b) The reception of Holy Communion is sometimes required. The Church requires all Catholics who have made their first Communion to receive at least once a year. This precept must be fulfilled during the Easter season (in the United States, from the first Sunday of Lent to Trinity Sunday) unless one has a just cause for fulfilling it at some other time.42
Those who begin to be in danger of death, from any cause, are to receive the Eucharist as Viaticum, that is, so that the Lord will be with them on the way to their heavenly home (see 4.F.4.a).
c) Failure to receive Communion when required is a grave matter. These canonical norms merely articulate and specify the times when it is most necessary to fulfill Jesus’ instruction about what is necessary for salvation, so that failure to fulfill them is a grave matter. However, this responsibility is not fulfilled by a sacrilegious Communion (see DS 2155/1205), and so, when those living in mortal sin are required to receive Holy Communion, they first should repent; but if unwilling to do so, they should not receive Holy Communion unworthily, since that does not fulfill the obligation and is an additional sacrilege.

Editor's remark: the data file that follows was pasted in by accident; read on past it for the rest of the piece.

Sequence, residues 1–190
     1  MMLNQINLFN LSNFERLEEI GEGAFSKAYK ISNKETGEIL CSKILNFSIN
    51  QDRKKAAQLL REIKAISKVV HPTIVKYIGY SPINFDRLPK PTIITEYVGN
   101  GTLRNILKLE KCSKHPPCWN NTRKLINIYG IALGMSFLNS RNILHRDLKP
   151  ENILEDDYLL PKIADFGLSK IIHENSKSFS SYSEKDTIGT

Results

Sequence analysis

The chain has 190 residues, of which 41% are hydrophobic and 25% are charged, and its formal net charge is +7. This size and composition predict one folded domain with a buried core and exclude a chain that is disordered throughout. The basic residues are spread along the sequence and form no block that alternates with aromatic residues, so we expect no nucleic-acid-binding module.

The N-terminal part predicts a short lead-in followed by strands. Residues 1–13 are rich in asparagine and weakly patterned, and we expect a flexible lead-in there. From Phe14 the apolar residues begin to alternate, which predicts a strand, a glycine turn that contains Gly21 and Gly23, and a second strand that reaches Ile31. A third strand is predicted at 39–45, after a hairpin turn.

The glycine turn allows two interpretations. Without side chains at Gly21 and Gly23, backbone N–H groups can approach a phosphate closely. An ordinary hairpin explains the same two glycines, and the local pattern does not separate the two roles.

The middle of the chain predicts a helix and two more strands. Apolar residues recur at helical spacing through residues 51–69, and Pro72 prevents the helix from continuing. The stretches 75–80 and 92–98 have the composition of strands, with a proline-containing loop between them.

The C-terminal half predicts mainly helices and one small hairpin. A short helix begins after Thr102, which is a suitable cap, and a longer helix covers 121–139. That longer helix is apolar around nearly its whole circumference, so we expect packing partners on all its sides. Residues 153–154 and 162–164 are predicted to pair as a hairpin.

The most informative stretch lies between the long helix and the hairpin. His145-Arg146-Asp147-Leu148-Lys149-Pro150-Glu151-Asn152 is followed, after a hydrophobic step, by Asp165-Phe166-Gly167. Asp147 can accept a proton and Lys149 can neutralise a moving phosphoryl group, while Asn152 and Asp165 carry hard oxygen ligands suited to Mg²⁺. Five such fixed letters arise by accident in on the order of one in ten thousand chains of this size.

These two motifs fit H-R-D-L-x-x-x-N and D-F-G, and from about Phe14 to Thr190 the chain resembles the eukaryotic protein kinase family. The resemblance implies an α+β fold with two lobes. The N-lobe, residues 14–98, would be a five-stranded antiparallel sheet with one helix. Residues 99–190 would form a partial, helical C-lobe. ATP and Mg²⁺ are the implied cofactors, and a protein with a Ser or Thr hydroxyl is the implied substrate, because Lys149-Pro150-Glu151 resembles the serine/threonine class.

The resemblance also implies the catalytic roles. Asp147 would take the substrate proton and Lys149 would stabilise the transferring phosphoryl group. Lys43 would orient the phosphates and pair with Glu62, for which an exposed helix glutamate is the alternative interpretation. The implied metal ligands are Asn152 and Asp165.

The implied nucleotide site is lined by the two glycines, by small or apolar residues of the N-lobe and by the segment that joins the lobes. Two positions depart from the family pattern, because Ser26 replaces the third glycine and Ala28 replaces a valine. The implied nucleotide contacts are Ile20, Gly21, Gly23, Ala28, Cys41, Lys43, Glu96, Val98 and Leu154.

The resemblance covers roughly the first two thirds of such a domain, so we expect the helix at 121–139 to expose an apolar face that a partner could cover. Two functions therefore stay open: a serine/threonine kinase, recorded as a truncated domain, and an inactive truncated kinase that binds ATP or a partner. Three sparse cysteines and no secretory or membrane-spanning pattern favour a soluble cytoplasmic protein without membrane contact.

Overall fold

d) Sacramental Communion outside Mass unites one with the Mass. Those who cannot assist at Mass nevertheless can participate in it by receiving Holy Communion outside Mass.43 They should ask to do so if it is necessary to fulfill their Easter duty, if they are in danger of death, or if they otherwise would be deprived of Communion for a time they judge too long.
Those who cannot attend Mass but who nevertheless worthily receive Holy Communion and devoutly listen to or read the liturgical readings (and perhaps other parts) of the Mass, participate quite significantly. Some dioceses provide Sunday broadcasts or telecasts of Mass for shut-ins. The Church also encourages those who cannot assist at Mass on a Sunday or holy day to take part if possible in a liturgy of the word, celebrated according to the bishop’s direction in a church or other sacred place, or to engage in prayer either individually, or as a family, or, if possible, as a group of families.44